134th Infantry Regiment Crest

134th Infantry Regiment

"All Hell Can't Stop Us"

Capt. Cecil D. Foster

Capt. Cecil D. Foster

Company B and Cannon Company

134th Is 3rd's Best Regiment

Gen. Patton's Opinion of Nebraska's 134th Seconded by Capt. Cecil Foster

The 134th Infantry Regiment, with which so many Richardson county boys fought through Normandy and across France into Germany is the best or one of the best in the entire 3rd Army.

The hard-driving General George Patton, Jr., himself, said so on a visit to the regiment during the fighting around Nancy according to Capt. Cecil Foster, who left here with Co. B, 134th Infantry, when the outfit was incorporated into the U.S. Army in 1941.

The general's opinion of the regiment, which was made up almost entirely of Nebraska men at the start, is seconded by Capt. Foster.

"I don't say it from sentiment, either," Capt. Foster explained. "I know from experience in fighting alongside other outfits."

The 134th, as is well known, made the important breakthrough at St. Lo which broke the German ring around the Normandy beachhead. A and B companies (the latter from Falls City) spearheaded the breakthrough which won high ground at St. Lo last July and it was there in the tough hedgerow country that the Richardson county boys suffered their heavy casualties. In the fighting in and around St. Lo it was estimated that the Falls City company suffered 40 or more casualties.

The Nebraska National Guard regiment (134) spearheaded most of the 3rd army's attacks clear across France and into Germany, Capt. Foster explained.

At St. Lo, the Richardson county men were cut down mainly by shell fragments from murderous German mortar fire, according the Capt. Foster, who estimated that 85% of the casualties were from shrapnel wounds.

The Falls City officer explained that in the hedgerow country around St. Lo, the mortar fire was particularly deadly because the Germans had the territory thoroughly mapped. Knowing the distances all through the country, the enemy mortar men could drop shells on any given spot at will, Capt. Foster said.

What the war in Europe cost the 134th Infantry is indicated by the fact that in Capt. Foster's cannon company - Co. E of the 134th - suffered 967 casualties up to early in March. The company strength was approximately 180 men and that means that the personnel of the company was replaced at least five times because of casualties.

Capt. Foster, himself, who won a battlefield promotion to second lieutenant and then went on up to become a company commander, was wounded twice. The last time was in Germany when enemy fire held up a column of tanks and infantry on a road. He was standing beside a lead tank when a shell burst under the front end, scattering shell fragments which caught him in both legs.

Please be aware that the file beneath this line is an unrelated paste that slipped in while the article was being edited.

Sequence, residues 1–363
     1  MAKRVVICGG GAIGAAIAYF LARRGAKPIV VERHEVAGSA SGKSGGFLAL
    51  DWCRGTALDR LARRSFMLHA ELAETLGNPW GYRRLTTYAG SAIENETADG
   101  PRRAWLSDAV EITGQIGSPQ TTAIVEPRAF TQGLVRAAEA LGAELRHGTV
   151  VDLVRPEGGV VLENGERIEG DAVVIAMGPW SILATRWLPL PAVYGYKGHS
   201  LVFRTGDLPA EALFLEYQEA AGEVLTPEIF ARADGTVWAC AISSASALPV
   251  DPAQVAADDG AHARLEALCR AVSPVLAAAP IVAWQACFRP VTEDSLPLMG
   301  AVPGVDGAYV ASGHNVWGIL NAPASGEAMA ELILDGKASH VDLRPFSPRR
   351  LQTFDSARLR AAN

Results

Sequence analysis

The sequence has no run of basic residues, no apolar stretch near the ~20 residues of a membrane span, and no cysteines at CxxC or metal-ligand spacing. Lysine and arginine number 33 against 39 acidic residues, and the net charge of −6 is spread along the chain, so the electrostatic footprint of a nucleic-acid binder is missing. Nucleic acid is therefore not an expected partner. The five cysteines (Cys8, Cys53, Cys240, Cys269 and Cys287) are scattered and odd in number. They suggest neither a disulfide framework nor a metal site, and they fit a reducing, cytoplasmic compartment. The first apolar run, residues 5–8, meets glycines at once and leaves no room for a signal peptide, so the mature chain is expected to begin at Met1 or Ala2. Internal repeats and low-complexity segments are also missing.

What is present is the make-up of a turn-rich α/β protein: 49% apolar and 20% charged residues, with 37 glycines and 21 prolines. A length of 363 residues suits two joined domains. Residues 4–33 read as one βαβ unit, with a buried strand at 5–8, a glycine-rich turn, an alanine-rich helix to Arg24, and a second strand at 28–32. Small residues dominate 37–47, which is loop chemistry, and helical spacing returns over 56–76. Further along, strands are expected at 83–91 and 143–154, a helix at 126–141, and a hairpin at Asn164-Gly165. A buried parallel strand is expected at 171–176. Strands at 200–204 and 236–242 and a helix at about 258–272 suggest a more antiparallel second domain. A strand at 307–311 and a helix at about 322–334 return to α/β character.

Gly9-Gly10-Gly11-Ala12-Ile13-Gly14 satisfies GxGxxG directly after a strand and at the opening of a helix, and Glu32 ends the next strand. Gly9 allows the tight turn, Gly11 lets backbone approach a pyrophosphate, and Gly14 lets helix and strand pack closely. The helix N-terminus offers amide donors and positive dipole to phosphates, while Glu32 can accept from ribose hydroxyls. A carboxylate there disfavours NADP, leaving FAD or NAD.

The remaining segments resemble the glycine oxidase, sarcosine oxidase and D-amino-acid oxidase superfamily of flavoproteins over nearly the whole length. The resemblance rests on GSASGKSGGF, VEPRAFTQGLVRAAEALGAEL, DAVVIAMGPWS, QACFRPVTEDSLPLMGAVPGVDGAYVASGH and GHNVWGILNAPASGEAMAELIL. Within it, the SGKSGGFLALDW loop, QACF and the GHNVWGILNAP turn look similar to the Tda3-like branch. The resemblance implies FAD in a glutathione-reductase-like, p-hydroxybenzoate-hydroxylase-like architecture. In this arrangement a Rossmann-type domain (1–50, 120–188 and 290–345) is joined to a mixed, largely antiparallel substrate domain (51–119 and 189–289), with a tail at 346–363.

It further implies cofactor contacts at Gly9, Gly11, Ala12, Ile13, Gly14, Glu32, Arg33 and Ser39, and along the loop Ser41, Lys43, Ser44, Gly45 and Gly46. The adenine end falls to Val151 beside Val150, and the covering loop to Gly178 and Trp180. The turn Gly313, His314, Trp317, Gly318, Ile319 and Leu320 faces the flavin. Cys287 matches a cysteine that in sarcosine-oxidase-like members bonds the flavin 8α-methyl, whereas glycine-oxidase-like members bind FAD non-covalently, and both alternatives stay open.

When the National Guard company (Co. B) left Falls City in January 1941, it included 91 men, all of them from Richardson county and nearby areas of Brown county. Approximately 30 of the first volunteer inductees from Richardson county were sent to B Company. Transfers had reduced the number to about an estimated 70 Richardson county boys when the unit arrived in France and virtually every home boy in the outfit was a casualty at some time or another. Some were wounded and returned to their old outfit as high as four times, Capt. Foster said. But at the end of the war, there was a bare handful of Richardson countyans left in the company - and virtually all of them now will get out under the point system if they wish to leave the army. A number of boys already have returned home, discharged.

For those not familiar with the Co. B men, their divisional insignia, worn on the shoulder, is a round field of blue with a thin white cross inside.

Falls Cityan, Sgt. Cecil Foster, Is Promoted to Second Lieutenant

Cecil D. Foster of Falls City, recently received a promotion in the field in France from staff sergeant to second lieutenant, according to a dispatch by Lawrence Youngman, World-Herald correspondent.

Lt. Foster's promotion was made in the midst of battle while American mortar and heavy artillery fire was so heavy that it was difficult for men standing nearby to hear what was being said during the promotion ceremonies.

The Falls City man was one of three Nebraskans to be promoted at that time. The advance in rank was awarded for leadership and devotion to duty.

Lt. Foster left here with Company B, Falls City National Guard unit, early in 1941.

His wife, the former Blondena Bruhn, and their three children are residing here at 17th and Morton street. Lt. Foster is a son of Mr. And Mrs. Herbert R. Foster of this vicinity, who have two other sons in the service.

Sgt. Lionel Foster is now in France and Sgt. Lyle Foster, who is recovering in a hospital in England from wounds received in action on July 17. All three of the Foster boys left with Company B.

Cecil D. Foster Is Raised to Captaincy

Cecil D. Foster, Falls City, has been promoted to captain - his third battlefield promotion, it was learned here today.

He is now in command of a front line rifle company, presumably still with the 134th Infantry which originally was the Nebraska National Guard regiment. Captain Foster left here with the Falls City Guard company.

Capt. Foster was commissioned a second lieutenant on the battlefield in October of 1944. In January, he was promoted to first lieutenant and early in February was made a captain.


Thanks to Jeanette Kearley for submitting these pictures and information.

CLICK HERE for more information about Capt. Cecil D. Foster


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